Transforming the building
Repairs to Voysey’s elegant sweeping roof have been tackled in sections. First, our roofing contractors stripped each section of its slates and then sheeted it over, so as to protect the original sarking boards, battens and layer of insulating horse hair beneath. The slates were then assessed for quality and any broken ones discarded. We have used locally-salvaged Delabole slates to match the originals, meaning we can rehang, in diminishing courses, to the original design. Inside the building, we have repaired the original lime plaster where it was loose. Some walls, in particularly poor condition, were completely re-plastered. Four coats of lime plaster were applied to get a smooth and precise finish. Lime plaster can fail if temperatures drop below 5 degrees, so heaters and de-humidifiers were in conditions of especially cold weather.
Plasterers have had to work in careful tandem with the electricians and plumbers, not only to avoid collisions but also to make sure that newly plastered walls were not chased out to accommodate wiring. A plan of all our services and electrics was carefully reviewed and consulted to ensure there were no late changes of mind. The scaffolding is now coming down and the final repairs to the exterior render and glass canopies are about to get underway.
Mosaic floor conservation
Following our first attemppt at removing the concrete screed from the mosaic floor in November, volunteers returned on two further weekends to continue this painstaking work and have now removed it from the corridor and some of the smaller rooms, where the original mosaic floor exists. It has been an enormous challenge, requiring repetitive chipping, careful scraping and sanding. In some places the screed was several millimetres thick and rubbery in consistency. In others it was a hard, thin, stubborn skin. We cannot thank our volunteers enough for the work they have done. Their contribution has been phenomenal. Once JE Stacey have completed their work to the interior of the building, all the protective covering over the mosaic floor will be removed and it will be thoroughly cleaned. We can then properly assess how to rebuild the surface, where it is most worn.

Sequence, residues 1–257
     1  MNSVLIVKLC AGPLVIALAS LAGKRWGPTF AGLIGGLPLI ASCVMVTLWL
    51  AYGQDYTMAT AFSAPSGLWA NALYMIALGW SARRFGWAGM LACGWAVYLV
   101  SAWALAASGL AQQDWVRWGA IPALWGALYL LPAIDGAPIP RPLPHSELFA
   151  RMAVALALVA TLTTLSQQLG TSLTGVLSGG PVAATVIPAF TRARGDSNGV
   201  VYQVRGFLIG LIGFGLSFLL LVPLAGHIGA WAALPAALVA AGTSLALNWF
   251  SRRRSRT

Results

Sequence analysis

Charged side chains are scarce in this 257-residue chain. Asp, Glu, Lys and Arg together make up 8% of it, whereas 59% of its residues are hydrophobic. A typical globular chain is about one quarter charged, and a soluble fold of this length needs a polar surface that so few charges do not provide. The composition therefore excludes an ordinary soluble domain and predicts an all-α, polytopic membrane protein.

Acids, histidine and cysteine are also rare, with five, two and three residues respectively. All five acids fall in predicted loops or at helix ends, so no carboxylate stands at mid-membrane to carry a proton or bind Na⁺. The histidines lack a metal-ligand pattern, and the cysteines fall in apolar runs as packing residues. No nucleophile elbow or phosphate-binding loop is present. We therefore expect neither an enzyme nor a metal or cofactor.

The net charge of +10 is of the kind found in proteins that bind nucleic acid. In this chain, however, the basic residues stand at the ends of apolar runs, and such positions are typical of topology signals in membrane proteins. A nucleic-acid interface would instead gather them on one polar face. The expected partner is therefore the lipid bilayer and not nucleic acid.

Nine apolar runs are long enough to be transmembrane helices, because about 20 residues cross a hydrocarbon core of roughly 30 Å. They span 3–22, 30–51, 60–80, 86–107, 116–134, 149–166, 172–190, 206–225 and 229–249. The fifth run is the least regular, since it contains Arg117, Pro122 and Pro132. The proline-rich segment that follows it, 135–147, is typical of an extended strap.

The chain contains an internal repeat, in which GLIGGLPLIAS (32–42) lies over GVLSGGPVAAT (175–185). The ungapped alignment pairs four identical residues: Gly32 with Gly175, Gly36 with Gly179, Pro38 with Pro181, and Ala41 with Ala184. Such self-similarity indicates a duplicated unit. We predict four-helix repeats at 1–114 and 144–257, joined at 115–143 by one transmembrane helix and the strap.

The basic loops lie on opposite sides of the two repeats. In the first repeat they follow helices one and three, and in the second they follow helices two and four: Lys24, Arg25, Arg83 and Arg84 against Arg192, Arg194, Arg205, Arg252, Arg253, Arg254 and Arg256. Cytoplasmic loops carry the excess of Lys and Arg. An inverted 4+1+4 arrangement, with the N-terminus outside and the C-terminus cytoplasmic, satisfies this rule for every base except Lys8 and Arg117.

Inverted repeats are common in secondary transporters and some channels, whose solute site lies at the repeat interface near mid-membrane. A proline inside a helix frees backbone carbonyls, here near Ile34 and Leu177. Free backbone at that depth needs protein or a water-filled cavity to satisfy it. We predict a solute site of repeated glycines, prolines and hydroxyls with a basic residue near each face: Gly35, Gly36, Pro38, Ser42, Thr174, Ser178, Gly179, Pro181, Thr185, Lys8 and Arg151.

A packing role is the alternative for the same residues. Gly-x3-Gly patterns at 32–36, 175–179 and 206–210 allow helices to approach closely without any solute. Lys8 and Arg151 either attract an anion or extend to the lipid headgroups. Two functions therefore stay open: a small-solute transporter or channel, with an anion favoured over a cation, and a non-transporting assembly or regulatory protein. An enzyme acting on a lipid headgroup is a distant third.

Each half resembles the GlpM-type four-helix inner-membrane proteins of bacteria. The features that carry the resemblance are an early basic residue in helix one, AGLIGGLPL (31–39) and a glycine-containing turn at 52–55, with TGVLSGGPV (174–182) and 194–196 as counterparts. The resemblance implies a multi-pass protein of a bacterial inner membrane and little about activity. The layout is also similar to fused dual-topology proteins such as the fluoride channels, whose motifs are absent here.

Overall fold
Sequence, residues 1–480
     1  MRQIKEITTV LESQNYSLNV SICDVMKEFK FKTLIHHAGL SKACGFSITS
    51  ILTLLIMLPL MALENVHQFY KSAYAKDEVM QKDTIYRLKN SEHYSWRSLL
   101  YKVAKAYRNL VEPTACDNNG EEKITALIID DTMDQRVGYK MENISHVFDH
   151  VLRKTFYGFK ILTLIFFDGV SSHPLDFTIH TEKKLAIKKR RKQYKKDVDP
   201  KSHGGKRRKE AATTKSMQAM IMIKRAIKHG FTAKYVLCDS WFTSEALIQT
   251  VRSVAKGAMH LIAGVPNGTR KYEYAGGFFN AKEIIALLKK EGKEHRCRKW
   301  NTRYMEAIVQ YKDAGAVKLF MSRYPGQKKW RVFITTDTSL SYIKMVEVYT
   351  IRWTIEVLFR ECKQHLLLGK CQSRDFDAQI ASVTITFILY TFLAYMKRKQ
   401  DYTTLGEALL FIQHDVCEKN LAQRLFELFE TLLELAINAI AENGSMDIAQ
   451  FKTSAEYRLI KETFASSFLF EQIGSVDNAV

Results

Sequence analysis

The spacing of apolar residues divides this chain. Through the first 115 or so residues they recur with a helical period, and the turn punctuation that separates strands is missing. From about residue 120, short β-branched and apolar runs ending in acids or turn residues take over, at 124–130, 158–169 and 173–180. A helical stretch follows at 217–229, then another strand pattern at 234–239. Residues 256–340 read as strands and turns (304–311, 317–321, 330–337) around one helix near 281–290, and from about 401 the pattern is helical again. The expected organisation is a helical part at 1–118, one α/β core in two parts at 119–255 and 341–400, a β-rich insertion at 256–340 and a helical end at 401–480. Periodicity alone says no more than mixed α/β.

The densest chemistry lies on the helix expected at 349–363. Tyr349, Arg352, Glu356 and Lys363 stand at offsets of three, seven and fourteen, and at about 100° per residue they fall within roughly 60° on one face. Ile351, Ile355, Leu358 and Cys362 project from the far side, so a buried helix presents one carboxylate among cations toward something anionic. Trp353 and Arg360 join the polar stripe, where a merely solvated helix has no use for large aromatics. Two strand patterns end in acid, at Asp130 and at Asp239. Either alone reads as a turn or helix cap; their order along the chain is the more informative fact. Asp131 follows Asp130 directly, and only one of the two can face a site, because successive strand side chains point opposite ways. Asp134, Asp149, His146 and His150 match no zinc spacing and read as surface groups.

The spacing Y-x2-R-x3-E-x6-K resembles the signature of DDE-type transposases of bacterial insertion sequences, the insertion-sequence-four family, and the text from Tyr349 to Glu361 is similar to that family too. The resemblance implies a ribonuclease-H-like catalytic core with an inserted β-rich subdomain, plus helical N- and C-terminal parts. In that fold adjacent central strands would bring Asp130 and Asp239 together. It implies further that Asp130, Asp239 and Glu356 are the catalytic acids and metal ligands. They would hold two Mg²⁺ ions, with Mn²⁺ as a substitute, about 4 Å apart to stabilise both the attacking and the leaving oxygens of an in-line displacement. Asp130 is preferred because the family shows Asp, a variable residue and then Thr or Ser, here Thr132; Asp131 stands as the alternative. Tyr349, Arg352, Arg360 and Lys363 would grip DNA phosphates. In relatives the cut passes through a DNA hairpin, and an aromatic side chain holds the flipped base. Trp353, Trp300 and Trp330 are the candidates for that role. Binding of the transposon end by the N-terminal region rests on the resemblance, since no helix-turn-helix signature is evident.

National Lottery Heritage Funding allows us to deliver training and engagement activities throughout the project to save Winsford Hospital. The practice of many heritage crafts are in decline and it is critical that we play a part in supporting the next generation of craftsmen and women. In the new year, two apprentices from the Prince’s Foundation spent three weeks on site and were asked to make a new timber front gate to an original design by Voysey. Sourcing sections of oak that were large enough proved to be a challenge, but once this finally arrived in the workshop, the apprentices worked studiously to mark out the timber to Voysey’s exacting design. There was much in this design that was ‘not normal’ but ‘round robin’ emails and phone calls ironed out any queries. Making a Voysey item from scratch has opened up a unique window into his creative world. The finished gate is a triumph, and the process of making passes the skills and vision of an Arts & Crafts master to the next generation of heritage craftspeople.
Mike Wye Associates, who provide the West County and beyond with lime and eco-building products, attended an open day in March and spent the day talking to visitors about lime mortars and plasters. Winsford made for an interesting case study, as it was built with a mixture of lime and cement-based materials and, as a result, its repair has not been straightforward. It represents what many owners of older properties may find – a traditionally built structure, with modern materials applied to walls and floors.
At the end of March, we welcomed students and tutors from Yeovil College on site for 2 study days. Students learned about the work of the Landmark Trust and our approach to saving Winsford Hospital, as well as general information about the planning and management of heritage projects. Specialist conservator Lynne Humphries from Humphries and Jones introduced the students to the work we are doing to conserve the mosaic floor, among other things. They particularly enjoyed working with Stonemason, Chris Accolla, a graduate of the Prince’s Foundation and took home carefully crafted Bath stone pieces. We hope their experience on site has encouraged their enthusiasm and inspired them to consider further training and employment in the heritage sector.